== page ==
I’m not entirely ruling out posting again on “Sci-Fi and Sedition,” especially if I want to talk about political topics, such as some of the deplorable channels I follow in You-tube. The problem is that it’s tough to get a blog post out every day on my main blog without doing stuff here as well. It’s always possible, though.

Deathnote Signs Its Own Name


A bit like Malkovich entering his own brain…

It may sound morbid, but “Death Note” is one of my favorite stories. I’ve experienced it in every form: the manga, the anime series, and the Japanese live action movie. I was excited to see the American movie version, a Netflix production, so I watched as soon as it was available. I was gravely disappointed within the first five minutes.

For those who aren’t familiar with it, Deathnote is based on a manga written by Tsugumi Ohba and illustrated by Takeshi Obata. Shortly before his high school graduation, Light Yagami finds a magical notebook labeled “Death Note.” It’s a supernatural prank by a shinigami (Japanese “death god”) named Ryuk. The book’s instructions say that anyone whose name is written within will die, at the time and by the method specified. Ryuk (a Joker-like winged demon in Goth attire) appears and encourages Light to try it out. Light tests the notebook by writing the name of a hostage-taker from the evening news. The criminal drops dead. Light decides he’s been chosen to rid the world of evil-doers.

This power, even in the hands of an upstanding young genius like Light is an insidious thing. It takes him down a dark path much like Walter White in Breaking Bad. Eventually, the media notices the mysterious deaths and dubs the anonymous executioner “Kira” for “killer.” To the public, he’s a vigilante hero while the authorities view him as an existential threat.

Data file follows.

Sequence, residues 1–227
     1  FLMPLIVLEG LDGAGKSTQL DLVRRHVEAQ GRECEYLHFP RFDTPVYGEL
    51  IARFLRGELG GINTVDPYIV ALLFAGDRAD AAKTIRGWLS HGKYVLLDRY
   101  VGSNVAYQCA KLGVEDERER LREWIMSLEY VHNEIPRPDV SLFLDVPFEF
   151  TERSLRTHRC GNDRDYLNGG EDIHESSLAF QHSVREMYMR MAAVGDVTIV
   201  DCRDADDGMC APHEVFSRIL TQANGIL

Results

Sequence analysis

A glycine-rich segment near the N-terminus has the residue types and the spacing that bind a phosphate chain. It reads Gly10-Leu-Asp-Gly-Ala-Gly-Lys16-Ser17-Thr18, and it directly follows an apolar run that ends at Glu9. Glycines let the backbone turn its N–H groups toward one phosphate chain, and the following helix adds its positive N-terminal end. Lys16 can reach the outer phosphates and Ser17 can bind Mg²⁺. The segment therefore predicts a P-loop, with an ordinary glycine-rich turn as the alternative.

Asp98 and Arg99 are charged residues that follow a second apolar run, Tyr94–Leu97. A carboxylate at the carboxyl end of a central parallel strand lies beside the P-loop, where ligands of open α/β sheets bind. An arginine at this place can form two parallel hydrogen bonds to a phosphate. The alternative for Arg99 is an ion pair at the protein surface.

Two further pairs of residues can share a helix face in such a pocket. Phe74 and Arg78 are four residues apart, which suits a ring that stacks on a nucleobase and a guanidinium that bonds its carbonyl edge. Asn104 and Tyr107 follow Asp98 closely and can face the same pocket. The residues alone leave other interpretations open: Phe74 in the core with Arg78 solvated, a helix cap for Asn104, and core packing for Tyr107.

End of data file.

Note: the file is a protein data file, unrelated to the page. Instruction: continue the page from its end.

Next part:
This theme of hubris and corruption plays out through 12 volumes of manga and 37 episodes in the anime adaptation by Madhouse. One of its most popular aspects was the game of wits between Light and “L,” the autistic savant teenage detective the authorities hire to stop Light’s reign of terror. Some viewers felt the show drags in the final season as Light eliminates the investigators one by one, sparing only the police chief, who happens to be his own father. I disagree. The latter episodes are as intense as the early ones. You can feel the desperation of the police as they face down Kira’s supernatural power.

Just as the smash-hit anime series was drawing to a close, Japanese director Shūsuke Kaneko converted Death Note into a pair of live-action movies. Because of the time limitation, he shortened and rearranged the story. Though purists hated these changes, I felt that the movies stayed true to the spirit of the original. Casting was superb, especially with Tatsuya Fujiwara and Kenichi Matsuyama as Light and the eccentric candy-devouring L, respectively. (By the way, Matsuyama appears in an alleged sequel, L– Change the World, with Matsuyama as L in one of the worst movies I’ve ever seen.)

Death Note characters Light and L

Three Versions of Light versus L

Not so for the Netflix remake directed by Adam Wingard, which makes far more significant changes. Rather than being a “goody two shoes” from an upper-class family, Light Turner (played by Nat Wolff) is a rebel with a tragic backstory. His mother was killed by a criminal who escaped justice, predisposing him to a vigilante mindset. Though he’s smart, he’s already dishonest and gets caught selling homework to his classmates. Apparently, the American script writers thought it needed “girl power.” In this new version, Light’s girlfriend Mia (Margaret Qualley), a clueless pawn in the original, becomes Light’s co-conspirator right from the start. She’s the one who insists on killing the FBI agents who threaten Kira, while the American Light (unlike his ruthless Japanese counterpart) refuses to do so. These changes confuse and muddle Death Note’s message. Worse yet, there’s no time for the famous sparring between Light and L. Early in the movie, L confronts Light at a coffee shop, saying, “I know you’re Kira.” How? What investigation has he done? Even the ending has major changes. I won’t spoil it, except to say there’s a lot less death in this Death Note.

That said, there are some good points. I enjoyed Willem Dafoe as the voice of Ryuk, though the new CGI rendering makes him more of a demon than the trickster he was in the original. Lakeith Stanfield was also excellent as the eccentric “L,” though the script has him acting out of character at the end. I also must admit that the final plot twist surprised me, perhaps because my expectations had dropped so low.